CreaTech, the dynamic space in which the creative and technology industries overlap, differs from the UK tech sector more generally in more ways than its prefix.
Compared to the core UK tech industry, CreaTech is attracting different types of deals across a more varied geography and from a distinct pool of investors.
For instance, the overwhelming majority of the venture capital (VC) investments in UK tech businesses tracked by the Tech Nation 2021 Report were in London-based companies.
By contrast, 50% of CreaTech companies that received VC investment in the last year were outside London, according to Tech Nation’s The CreaTech 2021 Report.
Most CreaTech VC deals were seed or early-stage investments, whereas recent VC tech deals more generally tended to be late stage.
And whereas most investments in UK tech came from outside the UK, 64% of CreaTech investment in 2020 came from within the UK.
Clearly, the core UK tech industry is a much more established magnet for investment, drawing in an estimated $14.9bn of VC investment in 2020 despite the disruptions of the pandemic and the economic slowdown. This represents 17% annual growth, the highest increase of any major market, and cements the UK’s position as the third biggest destination for tech VC investment after only the USA and China.
However, it shouldn’t be downplayed that UK CreaTech grew investment by an even faster 22% to reach £981m (approximately $1.25bn), which, likewise, makes the UK the third biggest home worldwide for CreaTech investment.
In fact, CreaTech actually accounts for a higher share (9%) of all tech VC investment in the UK, than the comparable figures for the US or China (both about 6%).
So although CreaTech is developing quickly and with its own particular investment characteristics, why isn’t it better known – at least compared to other hybrids such as FinTech or EdTech?
The answer is partly because of a lack of definition and general awareness of the CreaTech landscape.
Thanks to the rise of digital media channels and production; extended reality genres; algorithms and artificial intelligence, the creative and digital industries have become inextricably intertwined.
Even the official Government statistics produced by the Department for Digital, Culture, Media & Sport, have not been able to separate some occupations and businesses which are counted in data for both creative and digital industries.
So Tech Nation’s CreaTech 2021 report, published in March 2021, represents one of the first significant attempts to define and profile the CreaTech segment and the companies within it.
It describes CreaTech as the intersection of creative and tech industries in which innovations in artificial intelligence, algorithms, virtual and other extended reality, specialised software and other areas are transforming creative services, outputs, and processes.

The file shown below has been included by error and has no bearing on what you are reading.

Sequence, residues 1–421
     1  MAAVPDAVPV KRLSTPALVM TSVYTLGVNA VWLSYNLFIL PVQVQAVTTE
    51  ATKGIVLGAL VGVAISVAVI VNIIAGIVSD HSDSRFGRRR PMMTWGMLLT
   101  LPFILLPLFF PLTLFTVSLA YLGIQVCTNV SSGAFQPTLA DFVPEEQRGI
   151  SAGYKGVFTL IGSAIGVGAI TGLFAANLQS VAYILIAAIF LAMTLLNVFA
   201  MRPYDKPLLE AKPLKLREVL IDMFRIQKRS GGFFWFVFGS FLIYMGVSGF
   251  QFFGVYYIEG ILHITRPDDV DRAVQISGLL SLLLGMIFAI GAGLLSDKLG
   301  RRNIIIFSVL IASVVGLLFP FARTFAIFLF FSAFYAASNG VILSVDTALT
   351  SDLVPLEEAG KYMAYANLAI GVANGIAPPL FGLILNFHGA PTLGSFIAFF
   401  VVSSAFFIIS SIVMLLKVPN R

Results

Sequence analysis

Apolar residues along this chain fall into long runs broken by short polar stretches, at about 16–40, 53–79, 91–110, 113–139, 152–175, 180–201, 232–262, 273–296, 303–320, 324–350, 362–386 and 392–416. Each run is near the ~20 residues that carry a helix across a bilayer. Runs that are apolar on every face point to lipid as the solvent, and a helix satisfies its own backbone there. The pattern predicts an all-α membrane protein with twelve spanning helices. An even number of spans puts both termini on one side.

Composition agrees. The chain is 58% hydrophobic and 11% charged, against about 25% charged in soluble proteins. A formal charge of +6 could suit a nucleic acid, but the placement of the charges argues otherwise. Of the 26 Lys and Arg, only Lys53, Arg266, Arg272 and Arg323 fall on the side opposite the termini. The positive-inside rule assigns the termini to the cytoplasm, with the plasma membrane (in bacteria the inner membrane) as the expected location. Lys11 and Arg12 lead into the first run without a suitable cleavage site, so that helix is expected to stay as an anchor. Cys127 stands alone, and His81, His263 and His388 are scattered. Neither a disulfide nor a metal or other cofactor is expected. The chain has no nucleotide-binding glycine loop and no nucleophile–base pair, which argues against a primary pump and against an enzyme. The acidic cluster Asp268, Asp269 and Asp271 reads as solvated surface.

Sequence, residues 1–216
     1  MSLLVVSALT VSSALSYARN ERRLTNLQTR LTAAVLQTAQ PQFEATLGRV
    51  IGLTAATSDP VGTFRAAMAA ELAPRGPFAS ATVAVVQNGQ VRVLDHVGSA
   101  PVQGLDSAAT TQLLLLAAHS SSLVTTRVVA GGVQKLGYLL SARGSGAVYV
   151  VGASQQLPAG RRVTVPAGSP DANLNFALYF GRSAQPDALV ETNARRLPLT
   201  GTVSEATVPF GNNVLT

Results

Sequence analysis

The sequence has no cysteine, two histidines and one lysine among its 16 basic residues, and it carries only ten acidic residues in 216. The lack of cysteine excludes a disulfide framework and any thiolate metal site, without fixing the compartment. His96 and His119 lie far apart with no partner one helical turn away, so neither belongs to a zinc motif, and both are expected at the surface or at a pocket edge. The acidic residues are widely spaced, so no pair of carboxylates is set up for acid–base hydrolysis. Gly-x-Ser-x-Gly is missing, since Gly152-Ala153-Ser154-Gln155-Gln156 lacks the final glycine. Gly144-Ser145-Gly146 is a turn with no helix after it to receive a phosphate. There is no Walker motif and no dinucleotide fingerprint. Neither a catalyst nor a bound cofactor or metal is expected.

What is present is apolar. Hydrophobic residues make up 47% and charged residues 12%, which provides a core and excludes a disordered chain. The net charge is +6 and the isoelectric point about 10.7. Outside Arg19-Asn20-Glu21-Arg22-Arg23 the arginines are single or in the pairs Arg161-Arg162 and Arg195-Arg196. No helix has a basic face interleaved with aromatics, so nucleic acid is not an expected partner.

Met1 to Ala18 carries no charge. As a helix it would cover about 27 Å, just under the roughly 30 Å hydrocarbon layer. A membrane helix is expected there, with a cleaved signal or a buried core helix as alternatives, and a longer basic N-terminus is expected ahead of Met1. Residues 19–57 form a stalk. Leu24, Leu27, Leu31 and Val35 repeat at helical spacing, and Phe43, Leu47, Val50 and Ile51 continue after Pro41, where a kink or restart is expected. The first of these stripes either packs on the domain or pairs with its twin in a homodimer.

The term encompasses both the transformation of the creative industries by technology, and the co-creation of tech products and services.
Think of AI-driven creative production houses, VR platform designers or machine learning-enhanced marketing tech services and you will have some sense of the great breadth of CreaTech startups and scaleups attracting investors’ interest.
This range will be showcased in the annual CreaTech Ones to Watch platform run by the Creative Industries Council (CIC) to raise awareness of growing CreaTech businesses, which will be accepting nominations until 25th June 2021.
Further, Tech Nation’s report, commissioned by the CIC – a forum of creative industry leaders and UK government, in association with Digital Catapult, the leading authority on advanced digital technologies, and Moore Kingston Smith, the accountancy firm, is also only the first of a two-stage process.
A planned follow-up will look at CreaTech’s impact on UK employment levels, job roles and skills.
With its potential to develop growing tech-enabled businesses outside London, it is perhaps unsurprising that CreaTech’s rise has been welcomed by ministers in a government which has made pledges to ‘level up’ the economy across the UK.
Culture Minister Caroline Dinenage has promised to “continue to work hard to encourage and enable the growth of CreaTech”.
So while CreaTech may have somewhat departed from the usual tech industry ‘script’ and developed a different investment profile, its audience among funders, industry leaders and UK government ministers seems happy to follow and encourage this dynamic UK growth story.
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